We are legally obligated to follow the directives of the the IBMP. Each member of the IBMP has a different perspective on the conservation of wild bison, so conflict resolution is an integral part of the management strategy. We would like to reduce the need for capture and shipment to slaughter, but that would require changing the current bison management plan and agreement from all members of the IBMP.
What is brucellosis?
Brucellosis is a bacterial disease that induces abortions or stillbirths in infected animals, but does not kill them. For ranchers, brucellosis has an economic impact because it affects the reproductive rate and marketability of their animals.
Up to 60% of Yellowstone bison test positive for exposure to brucellosis (depending on age and sex).
Brucellosis has been eradicated in cattle herds across most of the United States. Bison and elk in the Greater Yellowstone Ecosystem persist as one of the last reservoirs of infection.
Brucellosis was introduced to Yellowstone bison and elk by domestic cattle in the early 1900s.
Yes. People both understate and overstate the risk of brucellosis transmission. Transmission of brucellosis from bison to livestock is possible because in late winter, bison migrate to low elevation areas outside the park where livestock are concentrated. At this time, bison are late in their pregnancy: the most probable time for infected animals to abort fetuses that might be found by other animals. The fact that there's never been a documented transmission of brucellosis from Yellowstone bison to cattle does not mean it couldn't happen. Rather, it’s a testament to the diligent management efforts put forth by the state of Montana and the National Park Service to prevent co-mingling of bison and cattle during the time period when transmission is most likely.
Do other animals carry brucellosis?
Yes. Over the last two decades, nearly 20 livestock operators in the three states surrounding Yellowstone discovered brucellosis in their animals. In each case, wild elk transmitted the disease. However, the state of Montana allows elk to move freely outside Yellowstone: a freedom that bison deserve, but have been denied.
Why don't local ranchers vaccinate their livestock?
They do, but there is no vaccine that’s 100% effective at reducing abortions due to brucellosis or eliminating the potential of infection from wildlife.
Why can't bison that test negative for brucellosis be allowed to live?
Identifying animals that do not harbor the bacteria is difficult and requires many months or years of quarantine: a single test is not enough. For more details, read the Environmental Impact Statement about our proposal to establish a quarantine program for Yellowstone bison.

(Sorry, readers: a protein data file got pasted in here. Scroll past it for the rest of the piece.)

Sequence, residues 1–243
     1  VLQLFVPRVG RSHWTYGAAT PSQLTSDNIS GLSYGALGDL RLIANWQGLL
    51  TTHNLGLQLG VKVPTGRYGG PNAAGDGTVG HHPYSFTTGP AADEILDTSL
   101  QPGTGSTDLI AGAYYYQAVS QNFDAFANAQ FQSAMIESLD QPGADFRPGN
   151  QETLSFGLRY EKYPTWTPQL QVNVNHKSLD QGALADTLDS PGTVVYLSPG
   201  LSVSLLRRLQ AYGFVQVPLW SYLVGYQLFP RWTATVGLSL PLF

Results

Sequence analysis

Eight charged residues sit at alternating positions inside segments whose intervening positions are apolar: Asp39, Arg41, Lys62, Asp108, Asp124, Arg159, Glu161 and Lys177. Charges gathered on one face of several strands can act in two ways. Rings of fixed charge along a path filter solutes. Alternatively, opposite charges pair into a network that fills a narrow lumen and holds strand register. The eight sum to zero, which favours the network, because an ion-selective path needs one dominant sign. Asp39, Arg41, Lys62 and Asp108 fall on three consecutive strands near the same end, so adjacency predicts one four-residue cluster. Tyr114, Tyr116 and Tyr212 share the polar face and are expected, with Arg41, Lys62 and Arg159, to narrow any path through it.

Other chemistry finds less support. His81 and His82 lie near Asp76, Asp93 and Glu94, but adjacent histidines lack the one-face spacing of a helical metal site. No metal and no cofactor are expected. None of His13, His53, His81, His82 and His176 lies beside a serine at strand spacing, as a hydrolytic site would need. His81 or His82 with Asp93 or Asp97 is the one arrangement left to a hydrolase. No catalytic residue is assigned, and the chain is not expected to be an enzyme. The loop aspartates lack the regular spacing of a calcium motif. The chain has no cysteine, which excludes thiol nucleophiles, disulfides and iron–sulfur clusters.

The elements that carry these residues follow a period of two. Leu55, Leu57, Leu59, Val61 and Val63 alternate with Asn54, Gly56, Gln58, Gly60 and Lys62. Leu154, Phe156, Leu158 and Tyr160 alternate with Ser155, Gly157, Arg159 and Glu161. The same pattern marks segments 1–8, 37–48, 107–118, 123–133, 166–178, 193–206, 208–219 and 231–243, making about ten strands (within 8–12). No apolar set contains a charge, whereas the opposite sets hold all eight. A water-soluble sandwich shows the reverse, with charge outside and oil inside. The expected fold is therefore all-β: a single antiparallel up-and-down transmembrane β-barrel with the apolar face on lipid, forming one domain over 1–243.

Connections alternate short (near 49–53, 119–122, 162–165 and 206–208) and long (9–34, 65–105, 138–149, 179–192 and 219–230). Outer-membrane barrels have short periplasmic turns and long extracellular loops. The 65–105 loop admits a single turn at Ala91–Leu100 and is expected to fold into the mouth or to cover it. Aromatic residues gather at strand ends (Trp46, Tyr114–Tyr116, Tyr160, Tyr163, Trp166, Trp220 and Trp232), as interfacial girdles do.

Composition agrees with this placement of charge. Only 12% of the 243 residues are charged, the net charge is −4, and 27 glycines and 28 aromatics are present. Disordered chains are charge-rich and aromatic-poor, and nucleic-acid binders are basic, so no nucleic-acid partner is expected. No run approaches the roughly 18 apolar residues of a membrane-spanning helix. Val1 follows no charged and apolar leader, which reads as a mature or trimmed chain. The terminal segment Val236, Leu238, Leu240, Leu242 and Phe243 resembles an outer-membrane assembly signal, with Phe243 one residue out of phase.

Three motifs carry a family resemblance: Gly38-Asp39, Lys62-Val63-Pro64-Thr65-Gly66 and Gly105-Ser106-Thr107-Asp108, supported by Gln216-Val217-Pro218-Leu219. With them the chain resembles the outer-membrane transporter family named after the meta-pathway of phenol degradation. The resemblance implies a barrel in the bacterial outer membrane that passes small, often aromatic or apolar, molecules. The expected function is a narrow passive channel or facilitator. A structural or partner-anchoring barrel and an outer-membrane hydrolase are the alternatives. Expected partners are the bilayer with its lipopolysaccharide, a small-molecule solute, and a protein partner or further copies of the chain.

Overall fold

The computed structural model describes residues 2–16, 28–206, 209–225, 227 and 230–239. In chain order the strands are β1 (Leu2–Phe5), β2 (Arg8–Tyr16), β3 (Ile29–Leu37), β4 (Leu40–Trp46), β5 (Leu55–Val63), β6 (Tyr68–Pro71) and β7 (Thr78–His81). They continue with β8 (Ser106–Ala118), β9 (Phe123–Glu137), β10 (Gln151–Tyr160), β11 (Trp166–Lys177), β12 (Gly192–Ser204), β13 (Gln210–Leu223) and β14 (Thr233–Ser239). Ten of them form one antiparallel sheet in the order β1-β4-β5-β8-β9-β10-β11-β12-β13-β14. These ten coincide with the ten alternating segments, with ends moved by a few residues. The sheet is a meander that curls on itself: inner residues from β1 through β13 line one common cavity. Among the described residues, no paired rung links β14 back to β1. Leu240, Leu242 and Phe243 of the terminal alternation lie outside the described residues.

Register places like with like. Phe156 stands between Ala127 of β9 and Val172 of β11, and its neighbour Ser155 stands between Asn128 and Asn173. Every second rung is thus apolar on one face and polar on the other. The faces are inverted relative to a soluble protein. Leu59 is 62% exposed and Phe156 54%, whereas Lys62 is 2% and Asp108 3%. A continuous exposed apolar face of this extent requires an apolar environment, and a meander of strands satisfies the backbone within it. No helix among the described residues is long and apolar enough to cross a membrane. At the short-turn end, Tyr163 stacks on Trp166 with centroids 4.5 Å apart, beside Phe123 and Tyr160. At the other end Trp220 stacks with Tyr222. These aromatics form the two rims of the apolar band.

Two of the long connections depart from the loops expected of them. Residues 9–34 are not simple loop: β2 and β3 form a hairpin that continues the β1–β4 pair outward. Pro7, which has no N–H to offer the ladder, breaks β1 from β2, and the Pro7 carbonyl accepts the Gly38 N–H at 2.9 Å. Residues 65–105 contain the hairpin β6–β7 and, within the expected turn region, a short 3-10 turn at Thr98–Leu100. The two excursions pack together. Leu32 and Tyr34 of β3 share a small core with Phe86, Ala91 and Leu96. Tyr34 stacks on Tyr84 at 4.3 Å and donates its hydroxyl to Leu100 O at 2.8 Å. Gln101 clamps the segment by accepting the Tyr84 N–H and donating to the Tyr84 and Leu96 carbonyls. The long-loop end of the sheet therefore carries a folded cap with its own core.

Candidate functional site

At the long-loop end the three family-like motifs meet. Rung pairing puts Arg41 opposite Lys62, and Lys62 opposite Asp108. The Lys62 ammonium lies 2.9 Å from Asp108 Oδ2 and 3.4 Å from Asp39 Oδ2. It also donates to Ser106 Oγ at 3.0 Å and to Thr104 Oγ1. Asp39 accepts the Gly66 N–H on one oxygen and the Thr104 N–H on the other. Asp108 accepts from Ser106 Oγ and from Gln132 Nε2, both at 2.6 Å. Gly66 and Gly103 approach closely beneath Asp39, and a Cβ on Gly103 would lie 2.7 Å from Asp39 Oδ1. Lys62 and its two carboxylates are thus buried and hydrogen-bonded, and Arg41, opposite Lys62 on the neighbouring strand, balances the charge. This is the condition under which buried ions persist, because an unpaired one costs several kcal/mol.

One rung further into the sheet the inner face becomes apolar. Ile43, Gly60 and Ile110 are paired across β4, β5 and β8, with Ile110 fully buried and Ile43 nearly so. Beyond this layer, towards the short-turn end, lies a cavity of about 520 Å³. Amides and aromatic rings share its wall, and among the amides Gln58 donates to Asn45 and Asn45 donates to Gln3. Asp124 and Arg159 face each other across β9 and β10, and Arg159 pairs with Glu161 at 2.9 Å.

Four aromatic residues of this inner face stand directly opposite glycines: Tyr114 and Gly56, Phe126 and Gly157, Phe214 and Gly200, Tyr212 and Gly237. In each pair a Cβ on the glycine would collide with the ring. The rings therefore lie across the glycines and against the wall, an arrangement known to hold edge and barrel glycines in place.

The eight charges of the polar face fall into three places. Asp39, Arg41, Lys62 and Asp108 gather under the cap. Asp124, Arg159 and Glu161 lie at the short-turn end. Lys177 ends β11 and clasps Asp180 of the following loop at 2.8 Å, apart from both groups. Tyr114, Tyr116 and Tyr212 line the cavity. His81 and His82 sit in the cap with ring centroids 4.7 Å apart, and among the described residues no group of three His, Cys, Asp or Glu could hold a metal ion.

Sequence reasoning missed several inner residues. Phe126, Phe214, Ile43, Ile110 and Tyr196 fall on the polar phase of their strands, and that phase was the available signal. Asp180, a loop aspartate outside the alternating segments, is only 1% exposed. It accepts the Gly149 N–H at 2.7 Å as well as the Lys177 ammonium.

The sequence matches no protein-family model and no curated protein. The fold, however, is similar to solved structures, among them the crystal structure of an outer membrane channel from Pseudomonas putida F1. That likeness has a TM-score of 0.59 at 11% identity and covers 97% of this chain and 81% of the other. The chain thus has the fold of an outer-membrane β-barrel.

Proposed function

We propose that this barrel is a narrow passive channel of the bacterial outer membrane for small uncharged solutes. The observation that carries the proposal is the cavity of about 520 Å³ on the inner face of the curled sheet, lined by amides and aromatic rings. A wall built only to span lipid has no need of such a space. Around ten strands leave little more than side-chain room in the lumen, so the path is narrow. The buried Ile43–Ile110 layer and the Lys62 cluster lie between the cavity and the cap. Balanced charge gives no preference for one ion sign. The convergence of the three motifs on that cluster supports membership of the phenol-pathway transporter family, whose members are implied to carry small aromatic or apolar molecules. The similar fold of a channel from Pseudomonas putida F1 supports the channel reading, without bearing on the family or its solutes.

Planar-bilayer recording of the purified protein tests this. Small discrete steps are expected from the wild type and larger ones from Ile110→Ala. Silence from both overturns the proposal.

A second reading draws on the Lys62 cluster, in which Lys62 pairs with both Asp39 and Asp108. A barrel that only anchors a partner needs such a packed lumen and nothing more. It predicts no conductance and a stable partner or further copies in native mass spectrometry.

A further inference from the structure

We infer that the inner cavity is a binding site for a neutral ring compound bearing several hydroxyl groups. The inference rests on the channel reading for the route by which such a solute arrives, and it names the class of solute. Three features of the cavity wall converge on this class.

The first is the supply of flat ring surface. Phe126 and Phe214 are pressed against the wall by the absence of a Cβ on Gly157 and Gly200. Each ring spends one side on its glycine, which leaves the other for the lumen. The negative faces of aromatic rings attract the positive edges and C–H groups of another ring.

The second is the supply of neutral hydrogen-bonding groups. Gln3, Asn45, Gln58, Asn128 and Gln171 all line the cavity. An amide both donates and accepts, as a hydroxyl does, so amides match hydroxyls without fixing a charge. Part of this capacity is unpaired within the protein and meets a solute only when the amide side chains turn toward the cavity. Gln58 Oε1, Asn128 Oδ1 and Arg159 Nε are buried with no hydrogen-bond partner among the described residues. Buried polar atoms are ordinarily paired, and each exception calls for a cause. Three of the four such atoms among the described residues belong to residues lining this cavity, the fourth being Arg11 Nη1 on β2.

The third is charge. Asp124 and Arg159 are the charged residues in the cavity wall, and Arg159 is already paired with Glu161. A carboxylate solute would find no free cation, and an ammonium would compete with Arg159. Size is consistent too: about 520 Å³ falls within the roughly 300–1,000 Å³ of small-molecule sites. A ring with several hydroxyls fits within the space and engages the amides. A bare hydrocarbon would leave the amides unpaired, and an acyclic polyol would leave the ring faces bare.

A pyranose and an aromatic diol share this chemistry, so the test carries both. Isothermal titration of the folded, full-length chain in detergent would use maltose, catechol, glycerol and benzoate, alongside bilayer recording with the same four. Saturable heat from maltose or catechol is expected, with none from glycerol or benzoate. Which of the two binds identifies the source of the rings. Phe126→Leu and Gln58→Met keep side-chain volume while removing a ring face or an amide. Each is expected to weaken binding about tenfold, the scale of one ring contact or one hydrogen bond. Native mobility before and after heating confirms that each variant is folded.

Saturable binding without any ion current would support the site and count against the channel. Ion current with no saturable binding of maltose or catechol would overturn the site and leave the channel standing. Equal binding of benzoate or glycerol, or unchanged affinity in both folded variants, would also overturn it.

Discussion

Why can't bison be vaccinated against brucellosis?
Vaccinating wild bison against brucellosis with existing vaccines would not substantially suppress the disease and could have unintended, adverse effects on the bison population in Yellowstone.
There is no easily distributed, highly effective vaccine: current vaccines would only create a 10 to 15% reduction in infection, and immune protection is short-lived.
Even if we reduced the prevalence of brucellosis in bison, they could be re-infected by elk.
For more details, read the final Environmental Impact Statement that evaluated the potential of remote vaccination of bison.
Are there alternatives to capture and shipment to slaughter?
In the history of North America, only humans, disease, predation, and starvation have successfully controlled bison numbers. Hunting outside the park is the preferred method for controlling the population today, but bison need greater access to land in order to disperse beyond our boundaries and pioneer new areas. Currently, the area where bison can be hunted is very small, and bison often respond to the hunting pressure by returning to the security of the national park (where hunting is prohibited). Our capture and shipment operation makes up the difference when hunting outside the park fails to meet reduction targets set by the IBMP managers.
Why can't Yellowstone ship live bison to other areas?
Right now, it’s against state and federal laws to move wild bison exposed to brucellosis anywhere except to meat processing and research facilities. We’ve proposed a quarantine program for bison, but livestock agencies and producers have opposed the plan. After completing a rigorous quarantine testing protocol, brucellosis-free animals could be sent alive to other public, private, or tribal lands. Quarantine would reduce the need for capture/slaughter operations, and it would promote an even more robust population of Yellowstone bison across the country.
Why can't hunting control the population?
To date, hunting outside the park has been ineffective at limiting bison numbers. The area where bison can be hunted is very small, and bison often respond to concentrated hunting pressure along the park boundary by returning the security of the national park where hunting is prohibited. For hunting to become more effective, bison need greater access to public lands outside the park, like wild elk and other animals, so they can disperse beyond our boundaries and pioneer new areas.
What about fertility control in bison?
No fertility control methods that are affordable, easily delivered, highly effective, and reversible are currently available for delivery to wild bison spread across a vast landscape. Fertility control could have unintended, adverse effects on the bison population in Yellowstone.